Traditionally, the most widespread sweeteners in food products have been sugar or sucrose. The search for a healthy diet has focused on limiting their consumption, and it has been an undeniable challenge for the industry for a long time now.
Many food-related scientific studies focus on finding new ways to replace sugar, both for its direct consumption, and for reducing its content in formulations when developing other products, where, depending on the food type, sugar can provide characteristics such as structure, body and moisture, among others, in addition to its sweetness.
There is a long list of ingredients and additives that have been used to replace sugar—from synthetic products such as aspartame and saccharin, to 100% natural ingredients such as certain dried or powdered fruits. While the latter are seen in a better light by consumers, often times they are not suited to the needs of industrial production lines.
Polyols are among the natural ingredients that have performed well in the industry when formulating low sugar or sugar-free products.
What are polyols?
Polyols, also known as sugar alcohols, are neither sugars nor alcohols, but instead are the hydrogenated form of a carbohydrate, where a carboxyl group, whether aldehyde or ketone, is reduced into a primary or secondary hydroxyl group1,2. As a result, each sugar has its corresponding polyol, as shown in the graph below.
Polyols are naturally abundant in fruits and vegetables such as grapes and champignons, as well as in fermented foods such as soy sauce and red wine3. In general, its presentation is in the form of a white, crystalline powder, or of transparent syrups. The main interest in its use lies in the physical, chemical and biological properties of these compounds:
- They lack cariogenic capabilities since they are not metabolized by most tooth plaque microorganisms
- Their metabolization does not depend on insulin
- Their intake does not lead to significant glycemic increases
- They have good water binding capabilities in foods
- The syrups in particular have low viscosities, which make them easy to handle in production lines4
Erythritol, a special polyol
Out of all the sugar alcohols, Erythritol (Erythrol, Threitol or E968) has the lowest molecular mass at just four carbon atoms—a fact that is linked to particular physical and chemical properties. Its sweetness is 0.6 to 0.8 times that of sucrose and, being heat-positive, it gives off a feeling of coolness when dissolved in the mouth2,3.
In nature, it can be found in fruits such as pears, grapes and melons, while in industry it is obtained through the fermentation of sugars using yeasts, being the only polyol that is obtained by means of this process2,5.
One of the most important characteristics of erythritol is that it can improve the mouthfeel and mask certain undesired aftertastes, such as astringency and the irritant effect of intense sweeteners6. In addition, it is the only polyol considered to be non-caloric since it does not provide energy to the body, making it the best alternative when formulating foods aimed at diabetics or people with obesity.
Another one of the main characteristics of erythritol is its high digestive tolerance. This molecule can be easily absorbed in the intestine and, unlike polyols, it has a high laxative threshold, meaning that it does not cause intestinal discomfort3.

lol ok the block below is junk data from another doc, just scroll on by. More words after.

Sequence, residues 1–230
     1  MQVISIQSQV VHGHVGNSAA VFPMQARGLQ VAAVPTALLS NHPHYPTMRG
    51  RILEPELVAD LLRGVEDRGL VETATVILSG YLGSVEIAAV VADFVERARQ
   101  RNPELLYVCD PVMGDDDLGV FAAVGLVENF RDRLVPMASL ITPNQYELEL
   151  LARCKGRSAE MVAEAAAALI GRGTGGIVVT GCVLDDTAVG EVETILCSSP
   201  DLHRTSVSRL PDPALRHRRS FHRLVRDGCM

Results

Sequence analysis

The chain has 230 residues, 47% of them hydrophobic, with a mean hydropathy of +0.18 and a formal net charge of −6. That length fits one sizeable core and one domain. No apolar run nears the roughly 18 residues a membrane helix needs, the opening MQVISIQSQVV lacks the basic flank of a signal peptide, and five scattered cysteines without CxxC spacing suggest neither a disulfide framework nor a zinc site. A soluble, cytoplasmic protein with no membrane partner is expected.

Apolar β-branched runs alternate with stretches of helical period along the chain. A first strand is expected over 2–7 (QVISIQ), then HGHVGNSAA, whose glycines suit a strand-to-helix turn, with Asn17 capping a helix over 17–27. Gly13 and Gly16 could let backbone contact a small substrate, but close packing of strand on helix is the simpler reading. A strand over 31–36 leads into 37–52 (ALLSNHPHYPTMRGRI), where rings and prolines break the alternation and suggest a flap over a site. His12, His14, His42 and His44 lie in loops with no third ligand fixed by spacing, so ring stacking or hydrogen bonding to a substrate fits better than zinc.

Current landscape for Erythritol
In 2003, the use of erythritol was approved in the entire European Union for food products as a sweetener and chewing gum moisturizer. In 2015, erythritol was approved as a flavor booster in non-alcoholic drinks7. Today, the use of erythritol has been approved in over 60 countries3, and currently in Chile it is authorized as a moisture-stabilizing substance, bulking agent and/or sweetener in the food health regulations.
In a report published last month, Mintel informed that erythritol is becoming increasingly popular in launches with low-sugar claims. It was reported that the percentage of foods and drinks that contain erythritol rose by 7% in the last year8. This same publication shows a growth in bulking sweeteners, such as erythritol, as solutions for sugar reduction.
Another important aspect that was also mentioned in Mintel’s report is the need for the industry to advocate for, and educate about, these new ingredients in order to bring these new technologies to the consumer in a way that is clear and well-informed. Erythritol can be used in a wide range of solid and liquid formulations in the food industry, such as beverages, dairy products, baked products, confectionery, chocolates, frozen products and even for direct use. Below we show you a few examples on the market that use erythritol.
At MATHIESEN FOOD, we carry a wide range of sweeteners including erythritol, either pure or mixed with other natural sweeteners, specifically designed to offer a solution to the challenges posed by each development. If you have yet to try erythritol and are interested in knowing more about the benefits of using this natural sweetener, contact us and ask for a sample.
(1) Ghosh, S., & Sudha, M. L. (2012). A review on polyols: new frontiers for health-based bakery products. International journal of food sciences and nutrition, 63(3), 372–379.
(3) Regnat, K., Mach, R. L., & Mach-Aigner, A. R. (2018). Erythritol as sweetener-wherefrom and whereto?. Applied microbiology and biotechnology, 102(2), 587–595.
(4) Bello Gutiérrez, J. (2000). Ciencia bromatológica: principios generales de los alimentos. Ediciones Díaz de Santos. Pag 103-105
(5) Lin SJ,Wen CY, Liau JC, Chu WS. 2001. Screening and production of erythritol by newly isolated osmophilic yeast-like fungi. Proc Biochem 36:1249–1258.
(6) de Cock P (2012) Erythritol sweeteners and sugar alternatives in food technology. Wiley-Blackwell, Hoboken, pp 213–241
(7) Ingredient Watch: Erythritol needs an image boost. Mintel, NOVEMBER 2022.